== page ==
Assuming you have reasonably good baking sheets (mine are medium-weight aluminum half sheet pans) that are not dark or burnt or so thin that they warp, an ungreased aluminum pan will produce better caramelization and tasty, crispy edges that contrast with soft chewy centers, ideal for most chocolate chip and oatmeal cookies, and any other cookies with a similarly composed dough. Plus, a heavy-duty aluminum baking sheet will produce perfectly browned bottoms, something you don’t always get when using a lined baking sheet. You can also bake shortbread or butter cookies on ungreased pans—as long as the dough is not chocolate (a bare pan will scorch the chocolate slightly). Of course, you have to be willing to transfer cookies to a cooling rack one by one when they come out of the oven. But it may be worth it! The downside of this method is that it is not particularly easy to clean. There will always be some residual butter, grease, or melted chocolate that requires a lot of dish soap and some elbow grease to remove post-baking.

PS: One way to test this for yourself would be to line most of your pan with parchment but leave on end of the tray bare. Try a few cookies on the bare pan. See what you think!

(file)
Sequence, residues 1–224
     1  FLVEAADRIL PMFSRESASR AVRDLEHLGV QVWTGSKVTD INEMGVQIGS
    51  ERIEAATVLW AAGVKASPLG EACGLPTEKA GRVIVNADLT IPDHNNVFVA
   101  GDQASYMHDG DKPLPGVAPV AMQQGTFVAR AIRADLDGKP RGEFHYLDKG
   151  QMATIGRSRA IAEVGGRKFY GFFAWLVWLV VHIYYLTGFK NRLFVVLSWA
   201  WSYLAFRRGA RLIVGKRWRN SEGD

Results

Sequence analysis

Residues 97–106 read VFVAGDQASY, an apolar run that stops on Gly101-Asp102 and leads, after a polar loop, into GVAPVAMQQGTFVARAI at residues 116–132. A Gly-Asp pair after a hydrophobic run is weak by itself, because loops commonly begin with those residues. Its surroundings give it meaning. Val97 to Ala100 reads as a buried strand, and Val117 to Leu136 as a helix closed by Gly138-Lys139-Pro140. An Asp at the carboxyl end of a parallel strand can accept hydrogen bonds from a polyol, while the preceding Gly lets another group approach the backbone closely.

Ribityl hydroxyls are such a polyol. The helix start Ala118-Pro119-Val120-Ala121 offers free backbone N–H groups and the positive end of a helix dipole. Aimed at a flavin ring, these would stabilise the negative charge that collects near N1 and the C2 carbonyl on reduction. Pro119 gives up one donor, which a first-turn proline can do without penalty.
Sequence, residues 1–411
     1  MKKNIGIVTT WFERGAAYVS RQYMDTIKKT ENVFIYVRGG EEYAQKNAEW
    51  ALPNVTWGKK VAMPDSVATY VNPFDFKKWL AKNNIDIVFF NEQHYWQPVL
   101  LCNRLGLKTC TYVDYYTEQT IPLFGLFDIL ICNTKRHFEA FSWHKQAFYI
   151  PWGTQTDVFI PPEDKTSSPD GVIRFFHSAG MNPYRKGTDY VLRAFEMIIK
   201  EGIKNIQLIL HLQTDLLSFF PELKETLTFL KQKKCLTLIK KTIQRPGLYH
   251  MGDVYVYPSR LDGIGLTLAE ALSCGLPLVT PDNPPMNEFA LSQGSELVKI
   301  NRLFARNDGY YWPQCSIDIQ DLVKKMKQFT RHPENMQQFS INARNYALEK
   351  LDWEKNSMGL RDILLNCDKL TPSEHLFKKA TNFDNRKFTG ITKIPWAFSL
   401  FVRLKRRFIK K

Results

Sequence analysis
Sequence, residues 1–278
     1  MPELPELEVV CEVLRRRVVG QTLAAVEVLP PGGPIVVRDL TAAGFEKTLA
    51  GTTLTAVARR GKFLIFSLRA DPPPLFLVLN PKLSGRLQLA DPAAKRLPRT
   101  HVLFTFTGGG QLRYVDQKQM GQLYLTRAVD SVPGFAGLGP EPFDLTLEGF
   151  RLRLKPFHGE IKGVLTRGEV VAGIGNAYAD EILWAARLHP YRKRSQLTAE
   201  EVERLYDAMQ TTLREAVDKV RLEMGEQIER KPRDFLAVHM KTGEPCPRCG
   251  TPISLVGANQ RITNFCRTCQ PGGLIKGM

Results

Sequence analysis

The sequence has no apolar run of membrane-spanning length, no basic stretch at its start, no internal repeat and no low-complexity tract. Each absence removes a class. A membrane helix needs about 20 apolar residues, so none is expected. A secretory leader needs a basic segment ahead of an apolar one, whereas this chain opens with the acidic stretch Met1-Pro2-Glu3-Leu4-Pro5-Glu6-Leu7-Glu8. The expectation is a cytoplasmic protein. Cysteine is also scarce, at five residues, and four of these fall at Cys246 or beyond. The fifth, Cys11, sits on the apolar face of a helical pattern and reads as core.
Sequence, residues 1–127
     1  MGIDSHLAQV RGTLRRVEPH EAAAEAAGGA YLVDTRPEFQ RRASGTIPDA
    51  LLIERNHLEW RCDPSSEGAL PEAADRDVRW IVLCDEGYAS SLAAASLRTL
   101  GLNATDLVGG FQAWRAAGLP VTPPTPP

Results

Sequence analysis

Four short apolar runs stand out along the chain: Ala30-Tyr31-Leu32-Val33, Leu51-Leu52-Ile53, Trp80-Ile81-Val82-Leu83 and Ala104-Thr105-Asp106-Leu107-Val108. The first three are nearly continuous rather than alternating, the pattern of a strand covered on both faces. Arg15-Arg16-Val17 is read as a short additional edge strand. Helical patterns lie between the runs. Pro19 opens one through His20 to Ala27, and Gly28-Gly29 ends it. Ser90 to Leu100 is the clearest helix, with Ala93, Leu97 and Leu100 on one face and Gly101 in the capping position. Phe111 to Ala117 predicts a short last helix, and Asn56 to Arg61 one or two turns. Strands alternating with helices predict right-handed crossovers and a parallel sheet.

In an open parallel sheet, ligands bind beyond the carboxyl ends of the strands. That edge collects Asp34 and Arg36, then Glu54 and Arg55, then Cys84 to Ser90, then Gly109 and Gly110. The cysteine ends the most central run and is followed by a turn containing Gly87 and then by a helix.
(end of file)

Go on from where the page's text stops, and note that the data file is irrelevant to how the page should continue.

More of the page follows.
Parchment Liners

Parchment is the best all-around all-purpose pan preparation. It is excellent for almost every cookie except tuiles and lace cookies (see foil and silicone liners, below), and any other cookie that specifically calls for a foil liner instead. Parchment is also a very reasonable second choice for the chocolate chip and oatmeal cookies that I just said are best baked on a bare pan! Parchment is a slight insulator, which means that compensates and corrects too-thin, burnt, dark, or otherwise poor quality cookie sheets. Its insulating properties are not so great that it lengthens baking time or prevents crispy edges, but they are great enough to prevent super chocolaty batters from scorching.